United States v. Donald Trump

United States v. Donald Trump

Franklin Foer writes:

As an appellate judge, Merrick Garland was known for constructing narrow decisions that achieved consensus without creating extraneous controversy. As a government attorney, he was known for his zealous adherence to the letter of the law. As a person, he is a smaller-than-life figure, a dry conversationalist, studious listener, something close to the opposite of a raconteur. As a driver, his friends say, he is maddeningly slow and almost comically fastidious.

And as the nation’s chief law-enforcement officer, he is a hyper-prudential institutionalist who would like nothing more than to restore—quietly and deliberately—the Justice Department’s reputation for probity, process, and apolitical dispassion. Which is why it is so difficult for me to imagine him delighting in the choice he now faces: whether to become the first attorney general in American history to indict a former president.

But this is what I believe he is preparing himself to do.

I have been observing Garland closely for months. I’ve talked with his closest friends and most loyal former clerks and deputies. I’ve carefully studied his record. I’ve interviewed Garland himself. And I’ve reached the conclusion that his devotion to procedure, his belief in the rule of law, and in particular his reverence for the duties, responsibilities, and traditions of the U.S. Department of Justice will cause him to make the most monumental decision an attorney general can make.

Let me be absolutely clear: Garland did not tell me he was going to indict Donald Trump. In fact, he did not tip his hand to me in any way—he is far too cautious to signal his intentions to even his closest friends, much less a reporter. Nor did his top aides suggest the announcement of an indictment. When his department says that it doesn’t discuss ongoing cases, it means it—at least in this case.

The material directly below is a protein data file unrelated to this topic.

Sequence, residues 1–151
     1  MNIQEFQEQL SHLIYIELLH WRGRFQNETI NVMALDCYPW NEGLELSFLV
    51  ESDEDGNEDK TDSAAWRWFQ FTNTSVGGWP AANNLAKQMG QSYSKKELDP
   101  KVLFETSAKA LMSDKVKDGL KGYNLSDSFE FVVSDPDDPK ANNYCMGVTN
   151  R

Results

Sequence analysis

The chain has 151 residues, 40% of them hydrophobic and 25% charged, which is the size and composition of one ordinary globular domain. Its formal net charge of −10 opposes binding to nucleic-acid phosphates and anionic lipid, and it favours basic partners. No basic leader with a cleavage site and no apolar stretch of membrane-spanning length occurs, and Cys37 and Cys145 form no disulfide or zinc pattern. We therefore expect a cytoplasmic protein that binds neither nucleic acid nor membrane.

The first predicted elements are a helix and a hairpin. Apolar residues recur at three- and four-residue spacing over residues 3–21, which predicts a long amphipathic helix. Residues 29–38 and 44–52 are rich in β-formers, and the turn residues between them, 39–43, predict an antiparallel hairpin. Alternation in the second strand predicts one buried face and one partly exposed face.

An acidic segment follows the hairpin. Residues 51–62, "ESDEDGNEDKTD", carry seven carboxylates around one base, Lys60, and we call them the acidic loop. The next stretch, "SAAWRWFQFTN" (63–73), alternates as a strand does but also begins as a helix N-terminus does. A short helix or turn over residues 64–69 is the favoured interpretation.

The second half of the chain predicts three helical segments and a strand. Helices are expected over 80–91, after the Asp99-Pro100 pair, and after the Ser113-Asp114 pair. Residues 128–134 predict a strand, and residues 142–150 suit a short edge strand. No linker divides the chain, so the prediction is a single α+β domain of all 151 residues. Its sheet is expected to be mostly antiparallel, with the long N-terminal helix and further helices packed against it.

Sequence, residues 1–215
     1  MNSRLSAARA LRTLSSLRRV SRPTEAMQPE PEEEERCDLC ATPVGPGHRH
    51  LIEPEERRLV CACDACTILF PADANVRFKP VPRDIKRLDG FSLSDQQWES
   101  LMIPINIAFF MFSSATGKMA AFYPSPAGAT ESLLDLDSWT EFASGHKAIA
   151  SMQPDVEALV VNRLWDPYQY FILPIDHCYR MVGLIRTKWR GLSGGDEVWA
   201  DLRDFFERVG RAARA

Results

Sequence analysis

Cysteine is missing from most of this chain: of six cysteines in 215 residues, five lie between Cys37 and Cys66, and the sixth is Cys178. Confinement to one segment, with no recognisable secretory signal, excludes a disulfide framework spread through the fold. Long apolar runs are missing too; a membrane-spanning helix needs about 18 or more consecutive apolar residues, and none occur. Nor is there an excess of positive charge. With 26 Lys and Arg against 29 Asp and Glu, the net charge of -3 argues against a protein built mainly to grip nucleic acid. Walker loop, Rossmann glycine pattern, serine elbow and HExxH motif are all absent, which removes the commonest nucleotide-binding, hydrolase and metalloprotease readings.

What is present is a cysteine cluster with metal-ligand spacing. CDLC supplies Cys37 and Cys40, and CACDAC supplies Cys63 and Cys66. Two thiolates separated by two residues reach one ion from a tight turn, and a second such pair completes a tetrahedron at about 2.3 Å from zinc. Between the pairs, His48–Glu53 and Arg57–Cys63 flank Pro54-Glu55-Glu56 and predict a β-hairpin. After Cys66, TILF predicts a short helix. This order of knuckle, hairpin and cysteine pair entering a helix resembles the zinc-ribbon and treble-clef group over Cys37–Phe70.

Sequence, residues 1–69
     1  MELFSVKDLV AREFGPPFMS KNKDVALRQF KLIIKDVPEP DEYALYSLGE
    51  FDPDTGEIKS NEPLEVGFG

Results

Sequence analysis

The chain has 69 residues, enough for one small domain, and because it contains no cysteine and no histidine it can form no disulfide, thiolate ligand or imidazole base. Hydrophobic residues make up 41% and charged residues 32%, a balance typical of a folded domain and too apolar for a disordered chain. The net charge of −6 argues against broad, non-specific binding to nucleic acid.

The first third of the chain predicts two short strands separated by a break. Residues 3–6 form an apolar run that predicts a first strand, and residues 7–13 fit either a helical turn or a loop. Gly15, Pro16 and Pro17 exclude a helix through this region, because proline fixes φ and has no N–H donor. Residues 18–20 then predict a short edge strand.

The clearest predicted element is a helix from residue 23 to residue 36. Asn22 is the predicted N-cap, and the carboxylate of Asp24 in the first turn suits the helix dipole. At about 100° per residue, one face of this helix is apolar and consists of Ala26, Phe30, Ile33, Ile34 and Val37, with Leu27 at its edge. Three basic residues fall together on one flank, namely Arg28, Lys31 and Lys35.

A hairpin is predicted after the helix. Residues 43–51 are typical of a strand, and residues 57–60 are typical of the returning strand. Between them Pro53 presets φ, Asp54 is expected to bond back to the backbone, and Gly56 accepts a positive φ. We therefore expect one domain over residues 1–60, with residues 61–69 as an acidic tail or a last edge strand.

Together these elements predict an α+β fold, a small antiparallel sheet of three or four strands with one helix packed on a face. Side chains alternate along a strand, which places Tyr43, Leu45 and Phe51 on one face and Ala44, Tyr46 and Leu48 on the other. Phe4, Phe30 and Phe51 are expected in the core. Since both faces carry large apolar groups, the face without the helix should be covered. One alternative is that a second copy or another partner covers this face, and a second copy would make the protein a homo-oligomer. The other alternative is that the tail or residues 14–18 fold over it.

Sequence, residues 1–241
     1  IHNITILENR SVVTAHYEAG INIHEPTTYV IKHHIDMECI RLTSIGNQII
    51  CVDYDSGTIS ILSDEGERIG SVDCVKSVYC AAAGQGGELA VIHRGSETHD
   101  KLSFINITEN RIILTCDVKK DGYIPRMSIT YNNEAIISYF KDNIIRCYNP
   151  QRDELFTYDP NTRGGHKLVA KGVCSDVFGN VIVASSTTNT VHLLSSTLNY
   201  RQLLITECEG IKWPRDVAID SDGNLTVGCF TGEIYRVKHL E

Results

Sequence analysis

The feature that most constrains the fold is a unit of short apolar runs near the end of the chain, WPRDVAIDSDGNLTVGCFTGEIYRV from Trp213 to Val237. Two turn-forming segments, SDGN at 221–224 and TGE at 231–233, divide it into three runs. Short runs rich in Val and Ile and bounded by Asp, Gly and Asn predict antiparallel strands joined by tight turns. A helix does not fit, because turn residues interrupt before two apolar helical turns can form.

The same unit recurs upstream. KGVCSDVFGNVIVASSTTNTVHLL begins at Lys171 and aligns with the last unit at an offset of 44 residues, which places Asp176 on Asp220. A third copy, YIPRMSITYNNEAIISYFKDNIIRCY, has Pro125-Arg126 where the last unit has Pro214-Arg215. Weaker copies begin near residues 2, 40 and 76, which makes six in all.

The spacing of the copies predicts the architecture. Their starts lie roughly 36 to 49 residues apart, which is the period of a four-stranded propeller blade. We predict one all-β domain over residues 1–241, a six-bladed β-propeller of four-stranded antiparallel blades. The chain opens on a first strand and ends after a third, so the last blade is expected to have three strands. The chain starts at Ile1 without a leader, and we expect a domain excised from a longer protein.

Before I lay out the reasons I believe I am correct in this assessment, I want to discuss why it is entirely possible I am not. The main reason to disbelieve the argument that Garland is preparing to indict is simple: To bring criminal charges against a former president from an opposing political party would be the ultimate test of a system that aspires to impartiality, and Garland, by disposition, is repelled by drama, and doesn’t believe the department should be subjected to unnecessary stress tests. This unprecedented act would inevitably be used to justify a cycle of reprisals, and risks turning the Justice Department into an instrument of never-ending political warfare.

And an indictment, of course, would merely be the first step—a prelude to a trial unlike any this country has ever seen. The defendant wouldn’t just be an ex-president; in all likelihood, he’d be a candidate actively campaigning to return to the White House. Fairness dictates that the system regard Trump as it does every other defendant. But doing so would lead to the impression that he’s being deliberately hamstrung—and humiliated—by his political rivals.

Garland is surely aware that this essential problem would be evident at the first hearing. If the Justice Department is intent on proving that nobody is above the law, it could impose the same constraints on Trump that it would on any criminal defendant accused of serious crimes, including limiting his travel. Such a restriction would deprive Trump of one of his most important political advantages: his ability to whip up his followers at far-flung rallies. [Continue reading…]

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